The bird broke off as Ibis aimed an eye beam at its face, and flew back up higher, hovering a hundred or so paces away from her. “You have invoked the bargain, Wyld Hunter,” it said in a deep, booming voice, “and now Raiton, thunderstorm god of Zu, answers.” Raiton regarded her with red-irised eyes, its jagged wings beating slowly and humming with static. “What do you demand of me, Cynis Inora Asalis?”
“Destroy the Solar Anathema.” Asalis’s dispassionate tone sent chills down Ibis’s spine, as he emerged from his phalanx down below. “When she dies, your debt is fulfilled.”
How easily he condemns others to death, Ibis thought bitterly. “I have no quarrel with you, Raiton-sama. As Chief Miko of this valley, I beg you to withdraw.”
“Nor I with you, child.” Raiton spread his wings wide, and the buzz of static in the air began to grow. “Unfortunately, I have made certain oaths, and now I must keep them.” His beak began to glow with a golden crackle, and then he shot a gigantic lightning bolt at her, with a boom of thunder so loud it sounded as if the sky itself were cracking in two.
Ibis reacted by raising her forearm and forming her lightning bracer, hoping to dissipate the electric charge. The bracer successfully drew the bolt, but the charge was too great; the coil shattered and exploded, throwing her off of her aerial platform. Asalis appeared under her as she fell, launching a volley of arrows all along the trajectory of her fall. She flipped her body in the air to shoot his arrows out of the sky, but took a smaller lightning bolt directly in the back in the process.
Tightening her somersault to finish it after that attack, she landed on a new light platform, expanded her bow into a shield to block another fusillade of arrows, then focused her Essence on her Third Eye and her bow simultaneously. “Furious Azure Bolt!” Launching a huge, crackling arrow from her bow, a fraction of a second later she also shot a beam of green fire from her Third Eye. The two attacks went into a tight spiral around each other, heading straight for Asalis. He raised a wooden wall in front of it, but before striking the beams split apart and went around him, darting after Raiton and gaining speed. The thunderstorm god banked away and fled at high speed, but a second later the beams diverted again as if ricocheting, shooting towards the Wood Aspect Shikari again from behind.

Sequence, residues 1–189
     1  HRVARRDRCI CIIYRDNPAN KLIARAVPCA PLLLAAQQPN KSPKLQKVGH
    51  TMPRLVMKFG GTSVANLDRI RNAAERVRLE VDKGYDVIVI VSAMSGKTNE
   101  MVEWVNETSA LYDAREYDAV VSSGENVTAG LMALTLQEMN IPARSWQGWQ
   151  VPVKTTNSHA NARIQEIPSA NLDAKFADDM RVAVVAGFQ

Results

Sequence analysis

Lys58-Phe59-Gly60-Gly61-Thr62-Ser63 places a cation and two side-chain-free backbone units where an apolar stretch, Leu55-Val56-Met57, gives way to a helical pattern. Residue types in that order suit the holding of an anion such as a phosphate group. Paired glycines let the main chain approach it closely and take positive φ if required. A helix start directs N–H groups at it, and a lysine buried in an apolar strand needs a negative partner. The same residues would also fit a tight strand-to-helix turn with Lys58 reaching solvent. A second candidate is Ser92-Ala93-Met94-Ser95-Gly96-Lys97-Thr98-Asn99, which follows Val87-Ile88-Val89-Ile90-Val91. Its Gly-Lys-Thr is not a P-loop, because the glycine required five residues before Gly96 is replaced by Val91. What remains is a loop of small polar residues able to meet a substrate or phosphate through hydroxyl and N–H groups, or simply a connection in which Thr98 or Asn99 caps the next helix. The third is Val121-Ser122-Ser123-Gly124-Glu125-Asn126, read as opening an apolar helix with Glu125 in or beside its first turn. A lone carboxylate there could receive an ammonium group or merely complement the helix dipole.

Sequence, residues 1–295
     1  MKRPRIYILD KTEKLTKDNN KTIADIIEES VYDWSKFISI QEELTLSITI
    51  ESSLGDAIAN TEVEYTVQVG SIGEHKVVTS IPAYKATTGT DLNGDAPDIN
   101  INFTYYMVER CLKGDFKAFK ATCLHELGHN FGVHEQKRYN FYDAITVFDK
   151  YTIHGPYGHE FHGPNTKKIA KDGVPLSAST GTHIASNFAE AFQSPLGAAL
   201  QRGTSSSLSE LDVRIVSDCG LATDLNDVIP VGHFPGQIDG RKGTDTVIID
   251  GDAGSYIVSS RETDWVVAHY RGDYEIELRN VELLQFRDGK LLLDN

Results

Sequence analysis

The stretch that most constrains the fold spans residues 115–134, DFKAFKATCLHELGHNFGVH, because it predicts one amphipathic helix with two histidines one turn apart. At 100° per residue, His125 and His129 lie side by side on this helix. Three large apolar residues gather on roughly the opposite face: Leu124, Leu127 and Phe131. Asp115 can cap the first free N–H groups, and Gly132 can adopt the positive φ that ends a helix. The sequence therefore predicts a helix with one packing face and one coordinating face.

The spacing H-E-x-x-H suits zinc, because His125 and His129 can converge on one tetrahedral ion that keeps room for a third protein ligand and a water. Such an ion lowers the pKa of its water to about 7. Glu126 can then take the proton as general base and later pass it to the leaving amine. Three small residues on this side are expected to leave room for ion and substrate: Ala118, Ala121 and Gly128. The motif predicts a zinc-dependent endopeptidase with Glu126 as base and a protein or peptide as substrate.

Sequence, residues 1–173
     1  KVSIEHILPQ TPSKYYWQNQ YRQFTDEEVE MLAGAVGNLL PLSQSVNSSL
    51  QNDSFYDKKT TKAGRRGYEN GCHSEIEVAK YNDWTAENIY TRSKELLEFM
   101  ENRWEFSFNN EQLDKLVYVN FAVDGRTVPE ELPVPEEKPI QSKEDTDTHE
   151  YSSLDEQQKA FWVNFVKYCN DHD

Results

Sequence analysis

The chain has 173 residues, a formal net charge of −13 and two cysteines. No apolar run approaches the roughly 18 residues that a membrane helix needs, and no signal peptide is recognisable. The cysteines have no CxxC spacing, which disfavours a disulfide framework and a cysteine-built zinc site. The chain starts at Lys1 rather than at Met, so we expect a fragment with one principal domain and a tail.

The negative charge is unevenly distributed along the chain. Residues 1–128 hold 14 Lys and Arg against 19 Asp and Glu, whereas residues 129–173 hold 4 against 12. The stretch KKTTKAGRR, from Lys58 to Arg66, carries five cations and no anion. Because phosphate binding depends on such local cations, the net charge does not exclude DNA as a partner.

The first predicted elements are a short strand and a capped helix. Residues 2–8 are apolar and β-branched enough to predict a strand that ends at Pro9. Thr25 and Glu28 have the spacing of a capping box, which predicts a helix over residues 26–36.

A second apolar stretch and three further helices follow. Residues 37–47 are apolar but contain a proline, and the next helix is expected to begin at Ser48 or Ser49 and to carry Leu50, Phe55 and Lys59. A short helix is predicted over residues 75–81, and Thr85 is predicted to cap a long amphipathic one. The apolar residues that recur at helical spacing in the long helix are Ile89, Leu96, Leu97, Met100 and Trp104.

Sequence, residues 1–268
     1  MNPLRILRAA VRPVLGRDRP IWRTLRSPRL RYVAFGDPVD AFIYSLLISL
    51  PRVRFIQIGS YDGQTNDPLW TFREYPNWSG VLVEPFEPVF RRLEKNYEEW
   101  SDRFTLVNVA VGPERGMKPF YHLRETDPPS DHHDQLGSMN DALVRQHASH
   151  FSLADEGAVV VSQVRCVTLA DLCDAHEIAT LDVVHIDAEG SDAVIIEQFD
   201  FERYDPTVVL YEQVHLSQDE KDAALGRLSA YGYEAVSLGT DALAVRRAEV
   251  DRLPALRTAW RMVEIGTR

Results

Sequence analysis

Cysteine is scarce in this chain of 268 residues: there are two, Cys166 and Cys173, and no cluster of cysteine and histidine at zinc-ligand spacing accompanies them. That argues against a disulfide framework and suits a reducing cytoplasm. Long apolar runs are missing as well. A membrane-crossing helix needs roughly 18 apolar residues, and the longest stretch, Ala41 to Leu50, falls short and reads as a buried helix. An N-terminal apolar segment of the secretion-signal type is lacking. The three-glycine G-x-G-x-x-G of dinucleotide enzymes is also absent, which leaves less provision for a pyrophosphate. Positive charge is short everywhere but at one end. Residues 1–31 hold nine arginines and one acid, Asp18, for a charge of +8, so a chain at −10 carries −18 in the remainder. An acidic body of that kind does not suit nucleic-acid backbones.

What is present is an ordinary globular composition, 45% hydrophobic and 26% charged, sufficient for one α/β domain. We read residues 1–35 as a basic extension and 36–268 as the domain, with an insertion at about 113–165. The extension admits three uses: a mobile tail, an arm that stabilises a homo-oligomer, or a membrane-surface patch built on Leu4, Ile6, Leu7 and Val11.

They connected this time, and Ibis heard a great crack of metal, but had no time to celebrate. Her senses alerted her to Raiton’s presence behind her a heartbeat before a wave of lightning crashed into her back. She managed to draw some of the energy in the attack away with her Third Eye, but the lion’s share of it still wracked her body. The pain made her lose her concentration on her platform, and she tumbled out of the air to the ground, landing with a “whump” and feeling the air knocked out of her lungs momentarily.
Pushing up onto her hands and knees, Ibis raised her head to see Asalis emerging from the smoking ruins of his shield wall. The old Wood Aspect was by no means unscathed; chunks of his green jade armor were missing and his barklike skin was stained bright crimson in more than a couple of places. But that iron look in his eyes was still the same.
Is this guy even human? What does it take to slow him down? Ibis got to her feet carefully, and took note of Raiton’s location in the sky above, but didn’t take her eyes off the Wood Aspect. If I try and take to the air again, I’ll be shot right out of the sky. And if I take any time to form another Azure Bolt, one of them will hit me in the back. Letting her bow fade to a glow in her hand again, she struck one of her defensive Snake Style stances, one arm held out to her side with the other up near her face. She was running out of options, but she wasn’t beaten yet.
Ravinius the Relentless danced for what seemed like hours with the little water dragon; it had been a very long time since he had had so much fun fighting a single opponent. Soaring Ibis and the little wood dragon fought each other not very far away, and it seemed a bird god of some kind had entered the fray as well, but he wasn’t concerned with that anymore. He was currently far more interested in the woman who had managed to turn aside his axe and avoid his flames and vines every time.